Effects of conversational versus technical language on treatment preference and integrity

David P. Jarmolowicz, Sung Woo Kahng, Einar T. Ingvarsson, Richard Goysovich, Rebecca Heggemeyer, Meagan K. Gregory

Research output: Contribution to journalArticle

Abstract

Problem behaviors present a significant challenge for individuals with developmental disabilities and their caregivers. Interventions based on behavioral principles are effective in treating problem behaviors; however, some caregivers have difficulty adhering to treatment recommendations. Treatment adherence may be affected by the technical nature of behavioral terminology. Research suggests that caregivers better understand and are more comfortable with interventions described in conversational language; however, the effects of technical language on treatment implementation are unknown. In the current investigation, implementation of a behavioral treatment was monitored after caregivers were given either a technical or conversational description of the intervention. Implementation was more accurate when the treatment description was written in conversational language, suggesting that clinicians should write behavioral plans in conversational language.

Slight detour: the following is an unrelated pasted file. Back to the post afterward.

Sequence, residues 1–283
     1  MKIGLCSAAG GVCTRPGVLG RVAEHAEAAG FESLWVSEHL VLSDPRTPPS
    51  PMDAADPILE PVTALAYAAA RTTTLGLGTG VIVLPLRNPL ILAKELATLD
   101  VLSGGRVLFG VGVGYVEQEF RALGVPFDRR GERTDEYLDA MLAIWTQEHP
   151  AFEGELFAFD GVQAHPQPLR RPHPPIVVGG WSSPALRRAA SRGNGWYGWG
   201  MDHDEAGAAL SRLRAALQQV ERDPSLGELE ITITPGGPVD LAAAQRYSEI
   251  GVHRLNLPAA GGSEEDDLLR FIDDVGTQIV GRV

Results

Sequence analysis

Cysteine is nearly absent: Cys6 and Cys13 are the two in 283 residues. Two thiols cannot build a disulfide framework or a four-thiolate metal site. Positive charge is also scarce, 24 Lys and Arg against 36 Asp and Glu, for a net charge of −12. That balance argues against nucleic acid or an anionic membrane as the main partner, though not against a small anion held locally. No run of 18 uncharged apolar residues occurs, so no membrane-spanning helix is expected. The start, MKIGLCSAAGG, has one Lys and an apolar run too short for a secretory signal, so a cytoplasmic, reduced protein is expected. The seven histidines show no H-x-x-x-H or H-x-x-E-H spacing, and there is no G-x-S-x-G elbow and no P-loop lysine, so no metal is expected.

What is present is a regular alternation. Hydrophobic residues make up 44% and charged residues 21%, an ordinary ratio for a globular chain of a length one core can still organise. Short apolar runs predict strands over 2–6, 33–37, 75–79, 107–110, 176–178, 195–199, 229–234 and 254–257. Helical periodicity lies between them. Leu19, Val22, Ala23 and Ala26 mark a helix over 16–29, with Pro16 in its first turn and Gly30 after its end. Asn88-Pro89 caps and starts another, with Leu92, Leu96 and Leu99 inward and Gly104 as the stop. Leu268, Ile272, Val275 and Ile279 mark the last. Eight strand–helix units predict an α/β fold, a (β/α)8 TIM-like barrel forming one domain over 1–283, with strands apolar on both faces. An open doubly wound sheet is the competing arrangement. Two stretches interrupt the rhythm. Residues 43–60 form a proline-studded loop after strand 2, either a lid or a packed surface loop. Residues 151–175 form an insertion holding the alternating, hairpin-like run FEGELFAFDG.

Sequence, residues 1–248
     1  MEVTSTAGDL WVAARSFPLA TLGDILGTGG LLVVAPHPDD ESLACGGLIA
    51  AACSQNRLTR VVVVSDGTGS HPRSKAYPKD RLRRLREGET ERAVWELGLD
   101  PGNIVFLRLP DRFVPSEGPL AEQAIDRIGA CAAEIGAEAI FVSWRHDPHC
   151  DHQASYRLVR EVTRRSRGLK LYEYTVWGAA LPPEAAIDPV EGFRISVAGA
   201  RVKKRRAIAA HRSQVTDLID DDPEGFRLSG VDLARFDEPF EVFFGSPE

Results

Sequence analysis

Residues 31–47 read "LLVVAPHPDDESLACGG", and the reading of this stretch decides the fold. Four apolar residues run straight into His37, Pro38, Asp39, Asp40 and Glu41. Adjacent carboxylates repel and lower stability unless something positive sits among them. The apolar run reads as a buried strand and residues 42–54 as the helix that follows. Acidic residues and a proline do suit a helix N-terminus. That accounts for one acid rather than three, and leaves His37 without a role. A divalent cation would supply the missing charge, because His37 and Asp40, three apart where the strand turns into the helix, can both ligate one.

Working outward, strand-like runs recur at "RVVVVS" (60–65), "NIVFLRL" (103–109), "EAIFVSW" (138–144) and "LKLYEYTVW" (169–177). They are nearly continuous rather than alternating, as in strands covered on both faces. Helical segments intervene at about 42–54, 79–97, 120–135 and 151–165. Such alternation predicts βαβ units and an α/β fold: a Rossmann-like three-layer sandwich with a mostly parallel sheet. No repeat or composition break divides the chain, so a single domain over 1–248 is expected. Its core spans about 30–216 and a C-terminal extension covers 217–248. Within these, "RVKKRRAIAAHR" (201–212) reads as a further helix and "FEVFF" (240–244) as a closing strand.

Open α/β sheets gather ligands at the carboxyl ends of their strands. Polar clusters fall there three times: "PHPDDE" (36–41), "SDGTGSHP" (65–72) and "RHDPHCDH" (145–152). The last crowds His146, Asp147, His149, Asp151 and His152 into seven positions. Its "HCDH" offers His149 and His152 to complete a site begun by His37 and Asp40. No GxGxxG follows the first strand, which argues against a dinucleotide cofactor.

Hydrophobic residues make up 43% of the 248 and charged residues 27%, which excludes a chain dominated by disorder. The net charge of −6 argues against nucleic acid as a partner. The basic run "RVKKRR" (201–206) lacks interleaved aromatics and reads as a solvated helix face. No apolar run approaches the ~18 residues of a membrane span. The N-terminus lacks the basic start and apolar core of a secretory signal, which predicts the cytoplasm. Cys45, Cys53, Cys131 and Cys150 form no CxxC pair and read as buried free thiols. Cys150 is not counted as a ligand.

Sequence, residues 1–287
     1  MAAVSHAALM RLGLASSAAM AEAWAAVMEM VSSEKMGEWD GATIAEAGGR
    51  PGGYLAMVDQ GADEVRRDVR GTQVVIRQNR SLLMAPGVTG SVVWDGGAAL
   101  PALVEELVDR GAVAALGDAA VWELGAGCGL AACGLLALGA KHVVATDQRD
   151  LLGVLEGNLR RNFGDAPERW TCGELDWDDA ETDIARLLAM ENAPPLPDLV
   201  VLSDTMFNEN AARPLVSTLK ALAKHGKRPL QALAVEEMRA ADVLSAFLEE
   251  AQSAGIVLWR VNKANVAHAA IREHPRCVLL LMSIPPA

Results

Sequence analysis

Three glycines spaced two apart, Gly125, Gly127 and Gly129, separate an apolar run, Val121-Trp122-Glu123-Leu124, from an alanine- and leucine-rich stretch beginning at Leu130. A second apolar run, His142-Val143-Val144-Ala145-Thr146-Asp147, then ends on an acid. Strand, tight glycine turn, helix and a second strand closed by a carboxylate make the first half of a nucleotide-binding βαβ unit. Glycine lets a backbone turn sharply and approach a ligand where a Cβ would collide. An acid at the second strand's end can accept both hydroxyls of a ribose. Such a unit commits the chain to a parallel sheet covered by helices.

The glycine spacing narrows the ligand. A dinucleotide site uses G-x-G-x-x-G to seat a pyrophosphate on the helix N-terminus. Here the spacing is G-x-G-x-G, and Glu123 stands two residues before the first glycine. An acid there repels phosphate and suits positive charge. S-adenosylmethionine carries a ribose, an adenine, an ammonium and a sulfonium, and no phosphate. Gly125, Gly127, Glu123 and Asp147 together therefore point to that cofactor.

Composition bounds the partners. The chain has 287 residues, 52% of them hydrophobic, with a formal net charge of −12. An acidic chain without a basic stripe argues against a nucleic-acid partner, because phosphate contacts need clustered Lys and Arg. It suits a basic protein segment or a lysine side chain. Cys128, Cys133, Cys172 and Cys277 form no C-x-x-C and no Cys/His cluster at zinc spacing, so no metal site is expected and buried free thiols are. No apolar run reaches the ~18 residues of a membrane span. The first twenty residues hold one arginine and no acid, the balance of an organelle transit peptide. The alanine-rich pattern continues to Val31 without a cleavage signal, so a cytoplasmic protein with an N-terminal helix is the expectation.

Original languageEnglish (US)
Pages (from-to)190-199
Number of pages10
JournalIntellectual and Developmental Disabilities
Volume46
Issue number3
DOIs
StatePublished - Jun 1 2008

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ASJC Scopus subject areas

  • Pediatrics, Perinatology, and Child Health
  • Education
  • Developmental and Educational Psychology
  • Community and Home Care
  • Psychiatry and Mental health

Cite this

Jarmolowicz, D. P., Kahng, S. W., Ingvarsson, E. T., Goysovich, R., Heggemeyer, R., & Gregory, M. K. (2008). Effects of conversational versus technical language on treatment preference and integrity. Intellectual and Developmental Disabilities, 46(3), 190-199. https://doi.org/10.1352/2008.46:190-199